In terms of antitrust compliance, however, we hope that our future policy changes will further improve the integrity and efficiency of the financial sector. 
A federal jury in Paducah, Kentucky, convicted a deputy jailer at the Fulton County Detention Center of violating the civil rights of an inmate by assaulting him with a dangerous weapon. The jury convicted James Eakes, 54, of willfully depriving an inmate of the right to be free from cruel and unusual punishment. According to evidence and testimony, Eakes repeatedly tased inmate L.B. after L.B. cursed at him. 
A federal court in North Carolina authorized the Internal Revenue Service (IRS) to serve John Doe summonses on Bank of America, Charles Schwab, and TD Bank in an order that was unsealed yesterday, the Justice Department announced. The John Doe summonses seek information about persons residing in Finland that have Bank of America, Charles Schwab, or TD Bank payment cards linked to bank accounts located outside of Finland. The summonses are referred to as “John Doe” summonses because the IRS does not know the identity of the persons being investigated.
Good morning, Chairman Graham, Ranking Member Feinstein, and Members of the Committee. Thank you for the opportunity to appear today to discuss the conclusion of the investigation into Russian efforts to interfere in the 2016 election by Special Counsel Robert S. Mueller, III, and the confidential report he submitted to me, which I recently released to the public after applying necessary redactions.
A former resident of Durant, Mississippi, was sentenced yesterday to 60 months in prison for preparing and filing a fraudulent claim for a tax refund with the Internal Revenue Service (IRS), announced Principal Deputy Assistant Attorney General Richard E. Zuckerman of the Justice Department’s Tax Division and U.S. Attorney Mike Hurst of the Southern District of Mississippi. 
Austin Garland Burke, 64, and Timmy Allen Kemper, 58, were indicted today for the use of unlawful force on a pretrial detainee at the Western Regional Jail in Barboursville, West Virginia, while they were acting as internal affairs officers with the West Virginia Regional Jail and Correctional Facility Authority, announced Assistant Attorney General Eric Dreiband of the Department of Justice’s Civil Rights Division, U.S. Attorney for the Southern District of West Virginia Michael B. Stuart, and FBI Pittsburgh Division Special Agent in Charge Robert A. Jones.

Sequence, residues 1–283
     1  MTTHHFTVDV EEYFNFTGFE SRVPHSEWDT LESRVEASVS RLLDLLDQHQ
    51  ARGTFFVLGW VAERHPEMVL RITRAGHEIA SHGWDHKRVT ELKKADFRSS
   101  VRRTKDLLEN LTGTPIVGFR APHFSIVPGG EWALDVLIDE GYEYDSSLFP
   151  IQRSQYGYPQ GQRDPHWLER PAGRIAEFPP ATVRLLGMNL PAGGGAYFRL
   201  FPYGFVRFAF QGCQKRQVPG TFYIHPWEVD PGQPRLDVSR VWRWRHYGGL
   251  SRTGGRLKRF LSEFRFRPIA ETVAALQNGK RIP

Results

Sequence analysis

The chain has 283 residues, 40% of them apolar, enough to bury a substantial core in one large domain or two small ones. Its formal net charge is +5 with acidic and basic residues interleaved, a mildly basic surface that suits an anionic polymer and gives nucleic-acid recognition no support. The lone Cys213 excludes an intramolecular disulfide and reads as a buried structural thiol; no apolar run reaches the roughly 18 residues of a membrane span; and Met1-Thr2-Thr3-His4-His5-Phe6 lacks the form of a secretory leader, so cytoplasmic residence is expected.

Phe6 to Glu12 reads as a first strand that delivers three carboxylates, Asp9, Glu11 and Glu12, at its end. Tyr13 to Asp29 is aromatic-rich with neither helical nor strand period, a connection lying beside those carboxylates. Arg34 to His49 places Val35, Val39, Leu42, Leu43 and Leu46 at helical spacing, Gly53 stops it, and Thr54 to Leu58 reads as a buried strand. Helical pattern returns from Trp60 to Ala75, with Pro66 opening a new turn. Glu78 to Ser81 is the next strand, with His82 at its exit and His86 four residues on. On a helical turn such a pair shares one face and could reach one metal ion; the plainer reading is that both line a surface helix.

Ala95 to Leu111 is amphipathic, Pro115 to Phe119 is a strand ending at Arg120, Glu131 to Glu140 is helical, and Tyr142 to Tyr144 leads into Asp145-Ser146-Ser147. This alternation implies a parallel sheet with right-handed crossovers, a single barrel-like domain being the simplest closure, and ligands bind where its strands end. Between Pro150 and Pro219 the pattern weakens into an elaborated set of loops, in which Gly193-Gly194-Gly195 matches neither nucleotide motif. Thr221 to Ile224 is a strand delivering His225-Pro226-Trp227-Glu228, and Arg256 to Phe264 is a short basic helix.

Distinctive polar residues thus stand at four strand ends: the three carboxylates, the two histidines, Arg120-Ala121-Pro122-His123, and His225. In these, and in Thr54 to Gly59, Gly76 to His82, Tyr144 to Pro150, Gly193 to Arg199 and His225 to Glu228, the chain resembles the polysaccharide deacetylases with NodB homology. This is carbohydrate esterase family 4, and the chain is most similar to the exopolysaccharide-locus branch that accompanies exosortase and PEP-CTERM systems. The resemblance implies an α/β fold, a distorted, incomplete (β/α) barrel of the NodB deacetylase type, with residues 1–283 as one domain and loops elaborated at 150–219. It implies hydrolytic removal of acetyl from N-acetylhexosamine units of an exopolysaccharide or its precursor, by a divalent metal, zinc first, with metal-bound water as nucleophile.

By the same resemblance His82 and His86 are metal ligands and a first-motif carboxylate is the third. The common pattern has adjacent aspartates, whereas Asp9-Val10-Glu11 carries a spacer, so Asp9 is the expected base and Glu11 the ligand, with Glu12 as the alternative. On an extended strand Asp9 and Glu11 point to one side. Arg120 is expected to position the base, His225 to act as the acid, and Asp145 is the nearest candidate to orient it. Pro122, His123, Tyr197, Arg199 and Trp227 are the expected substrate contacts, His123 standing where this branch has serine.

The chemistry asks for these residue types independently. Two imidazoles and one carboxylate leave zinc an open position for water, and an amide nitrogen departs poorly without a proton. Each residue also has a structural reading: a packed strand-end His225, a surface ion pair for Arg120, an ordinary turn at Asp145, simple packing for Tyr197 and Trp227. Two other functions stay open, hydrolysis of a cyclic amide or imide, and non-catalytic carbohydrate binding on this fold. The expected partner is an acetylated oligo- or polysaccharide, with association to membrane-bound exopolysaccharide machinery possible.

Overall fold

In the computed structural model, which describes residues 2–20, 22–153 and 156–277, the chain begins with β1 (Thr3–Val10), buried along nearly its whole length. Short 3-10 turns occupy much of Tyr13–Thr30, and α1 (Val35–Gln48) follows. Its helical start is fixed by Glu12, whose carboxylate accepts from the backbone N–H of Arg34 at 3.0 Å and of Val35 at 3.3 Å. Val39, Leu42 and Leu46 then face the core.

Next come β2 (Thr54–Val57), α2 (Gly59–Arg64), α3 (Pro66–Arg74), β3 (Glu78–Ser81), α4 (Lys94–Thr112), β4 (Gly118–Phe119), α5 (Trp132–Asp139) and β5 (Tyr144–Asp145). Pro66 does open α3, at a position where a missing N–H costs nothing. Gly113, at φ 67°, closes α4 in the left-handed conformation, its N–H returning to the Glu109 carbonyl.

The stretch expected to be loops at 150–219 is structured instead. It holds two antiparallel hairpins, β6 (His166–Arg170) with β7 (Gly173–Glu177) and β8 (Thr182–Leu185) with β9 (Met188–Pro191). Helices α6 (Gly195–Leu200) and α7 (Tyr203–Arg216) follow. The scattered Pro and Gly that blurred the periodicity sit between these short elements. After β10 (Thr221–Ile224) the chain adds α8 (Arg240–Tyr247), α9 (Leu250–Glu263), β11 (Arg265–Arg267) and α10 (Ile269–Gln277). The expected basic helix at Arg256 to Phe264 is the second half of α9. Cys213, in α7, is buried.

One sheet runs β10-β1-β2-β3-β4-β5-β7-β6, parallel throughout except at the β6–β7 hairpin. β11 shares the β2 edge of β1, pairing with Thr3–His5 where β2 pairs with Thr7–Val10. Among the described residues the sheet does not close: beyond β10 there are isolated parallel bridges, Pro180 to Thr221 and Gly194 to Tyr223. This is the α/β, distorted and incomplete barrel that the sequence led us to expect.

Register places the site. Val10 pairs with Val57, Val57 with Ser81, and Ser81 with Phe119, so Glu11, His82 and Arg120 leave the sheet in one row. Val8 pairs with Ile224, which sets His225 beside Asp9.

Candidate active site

“Today’s guilty plea is the second relating to a $45 million scheme to cheat New England schools, hospitals, and other businesses by agreeing to fix prices on insulation contracts in violation of the antitrust laws,” said Assistant Attorney General Makan Delrahim of the Department of Justice’s Antitrust Division. “As this prosecution shows, the Justice Department and our law enforcement partners, including the FBI and DCIS, will use every available resource to detect and bring to justice individuals who attempt to hide their criminal conduct by using high-tech encryption apps, burner phones, or any other means.”
A resident of Ft. Lauderdale, Florida, and a resident of Boca Raton, Florida, each pleaded guilty today in the Eastern District of Michigan to failing to collect, truthfully account for, and pay over payroll taxes announced Acting Deputy Assistant Attorney General Stuart M. Goldberg of the Justice Department’s Tax Division.
Gas marketer B. Charles Rogers Gas Ltd. (BCR), which operated in the San Juan Basin area of New Mexico and southern Colorado, and its owners Billy Charles Rogers Jr. and Wynon Rogers, of Fort Worth, Texas, have agreed to pay $3.575 million to resolve False Claims Act (FCA) allegations that they caused reduced mineral royalty payments to the United States, the Department of Justice announced today. In addition, Thomas R. Lutner III, of Katy, Texas, who worked with BCR while employed as a gas supply manager at a natural gas distributor based in Houston, Texas, has agreed to pay $800,000 to resolve FCA allegations relating to his role in BCR’s alleged royalty fraud.
“Today’s conviction sends a clear message to any future fraudsters out there: crime does not pay.  Especially when that crime involves defrauding American customers and multiple federal agencies,” said Assistant Attorney General Clark. “When the defendant knowingly cheated a federal government program aimed at energy conservation, he gave himself an unfair advantage over his competitors and stole millions of dollars from the American taxpayer in the process.  The Department of Justice will not tolerate this type of deception and will continue to work with its law enforcement partners to root out this unlawful conduct.”


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